Why Do Cats Eat Grass?

Regardless of whether your cat lives indoors or outside, one thing is for sure: your feline companion has certainly chewed on grass more than once. Even while it may seem odd, especially if your cat pukes later, there is nothing to be concerned about. In addition to the fact that there is no proof that your cat would be harmed by eating grass, several experts believe your cat may even benefit from doing so. Here we will discuss Why Do Cats Eat Grass?

Helps with stomach upset

Cats regurgitate after eating grass because they lack the enzymes needed to digest plant material. Does this imply that your cat enjoys puking? Although it’s unlikely that kitty appreciates the deed, this up-chucking sensation may completely clear any indigestible materials from the cat’s digestive tract, making it feel much better. This is significant since cats consume their prey whole, both the edible and inedible components included (fur, bones, feathers, etc.).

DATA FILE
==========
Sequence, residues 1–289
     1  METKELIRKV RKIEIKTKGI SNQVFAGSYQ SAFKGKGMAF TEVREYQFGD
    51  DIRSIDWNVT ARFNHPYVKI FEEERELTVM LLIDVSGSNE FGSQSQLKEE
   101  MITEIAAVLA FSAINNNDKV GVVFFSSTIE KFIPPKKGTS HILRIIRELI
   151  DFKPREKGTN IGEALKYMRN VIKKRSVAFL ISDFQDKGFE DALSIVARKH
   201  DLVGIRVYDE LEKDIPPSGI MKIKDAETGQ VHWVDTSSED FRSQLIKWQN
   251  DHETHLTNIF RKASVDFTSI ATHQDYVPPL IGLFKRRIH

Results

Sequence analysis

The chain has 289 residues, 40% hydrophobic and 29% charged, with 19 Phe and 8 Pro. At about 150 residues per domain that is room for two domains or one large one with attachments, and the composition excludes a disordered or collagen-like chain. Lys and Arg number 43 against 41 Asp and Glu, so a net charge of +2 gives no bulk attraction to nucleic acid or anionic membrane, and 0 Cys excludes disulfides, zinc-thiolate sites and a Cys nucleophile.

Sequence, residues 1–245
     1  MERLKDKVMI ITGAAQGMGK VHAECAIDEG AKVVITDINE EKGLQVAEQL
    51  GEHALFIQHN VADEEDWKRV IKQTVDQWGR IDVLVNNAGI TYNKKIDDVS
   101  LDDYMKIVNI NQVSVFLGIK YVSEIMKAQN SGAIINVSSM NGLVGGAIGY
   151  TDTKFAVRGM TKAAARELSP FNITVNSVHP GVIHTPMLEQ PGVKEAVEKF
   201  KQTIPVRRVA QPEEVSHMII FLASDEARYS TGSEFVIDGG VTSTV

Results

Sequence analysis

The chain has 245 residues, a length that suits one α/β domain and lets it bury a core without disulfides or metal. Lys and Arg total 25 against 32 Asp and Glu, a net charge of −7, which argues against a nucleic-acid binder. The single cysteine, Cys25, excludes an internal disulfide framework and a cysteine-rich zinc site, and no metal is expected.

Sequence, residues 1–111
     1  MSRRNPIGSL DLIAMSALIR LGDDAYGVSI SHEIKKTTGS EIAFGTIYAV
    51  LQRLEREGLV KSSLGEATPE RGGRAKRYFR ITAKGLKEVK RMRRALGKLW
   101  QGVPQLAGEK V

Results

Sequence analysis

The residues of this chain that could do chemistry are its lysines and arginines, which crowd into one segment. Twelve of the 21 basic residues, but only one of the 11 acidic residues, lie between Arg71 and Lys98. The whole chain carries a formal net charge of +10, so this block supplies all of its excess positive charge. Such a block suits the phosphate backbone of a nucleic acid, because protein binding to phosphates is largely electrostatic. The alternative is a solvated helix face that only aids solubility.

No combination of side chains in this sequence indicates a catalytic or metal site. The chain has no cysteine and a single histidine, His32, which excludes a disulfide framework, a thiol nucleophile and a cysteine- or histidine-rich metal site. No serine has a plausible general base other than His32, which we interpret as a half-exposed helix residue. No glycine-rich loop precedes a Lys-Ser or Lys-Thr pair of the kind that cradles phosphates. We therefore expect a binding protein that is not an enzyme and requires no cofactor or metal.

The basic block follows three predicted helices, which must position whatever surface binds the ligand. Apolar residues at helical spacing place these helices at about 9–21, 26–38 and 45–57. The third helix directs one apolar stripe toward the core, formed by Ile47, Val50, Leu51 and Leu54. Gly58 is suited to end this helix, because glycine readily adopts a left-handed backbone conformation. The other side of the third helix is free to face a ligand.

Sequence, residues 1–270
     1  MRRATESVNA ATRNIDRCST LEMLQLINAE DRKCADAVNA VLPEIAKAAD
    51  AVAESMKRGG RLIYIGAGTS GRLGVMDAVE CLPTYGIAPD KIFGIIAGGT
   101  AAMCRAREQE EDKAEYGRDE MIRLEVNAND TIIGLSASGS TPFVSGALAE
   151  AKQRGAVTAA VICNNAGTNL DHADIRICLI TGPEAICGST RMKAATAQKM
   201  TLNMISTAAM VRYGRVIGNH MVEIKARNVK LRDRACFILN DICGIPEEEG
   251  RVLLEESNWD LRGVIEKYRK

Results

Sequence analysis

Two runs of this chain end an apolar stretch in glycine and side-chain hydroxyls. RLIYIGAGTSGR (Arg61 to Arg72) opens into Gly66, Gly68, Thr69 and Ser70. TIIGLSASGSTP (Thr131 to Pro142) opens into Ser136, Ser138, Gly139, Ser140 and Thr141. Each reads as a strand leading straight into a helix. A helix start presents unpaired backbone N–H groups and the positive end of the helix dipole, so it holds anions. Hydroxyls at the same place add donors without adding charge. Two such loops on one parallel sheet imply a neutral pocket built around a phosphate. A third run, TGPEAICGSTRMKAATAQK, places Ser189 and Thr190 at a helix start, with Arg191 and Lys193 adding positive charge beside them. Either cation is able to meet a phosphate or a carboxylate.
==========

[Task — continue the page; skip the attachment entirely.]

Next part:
It’s in the Juice

The fluids in grass include folic acid, much like mother’s milk does. This vitamin is necessary for a cat’s body processes and helps make haemoglobin, the protein that transports oxygen in the blood. Consider it like giving your cat a wheat grass shake (let’s hope they appreciate it more than you do).

 It works as a natural laxative

Another hypothesis contends that grass relieves indigestion by functioning as a natural laxative. Every cat owner knows that cats frequently vomit and leave adorable, wet tiny fur ball gifts throughout the house. However, kitty requires some assistance to digest the fur and pass it out the other end when it gets far enough into the digestive track. Call it instinct or a sixth sense, but your cat is aware that a small amount of grass may go a long way in helping to cleanse its system (and may save you a trip to the veterinarian).

In conclusion, eating grass is not harmful. Even some people think cats eat grass to soothe sore throats. However, we want to draw your attention to something. You should make sure that all of your houseplants are of the non-toxic variety whether you have an indoor or outdoor cat. You might also wish to create a herbal indoor garden or buy a small tray of grass exclusively for the cat. This will provide your cat with an alternative to the grass and landscaping outside, which could result in unintentional absorption of pesticides, herbicides, or other chemicals used to treat your (or your neighbor’s) yard.

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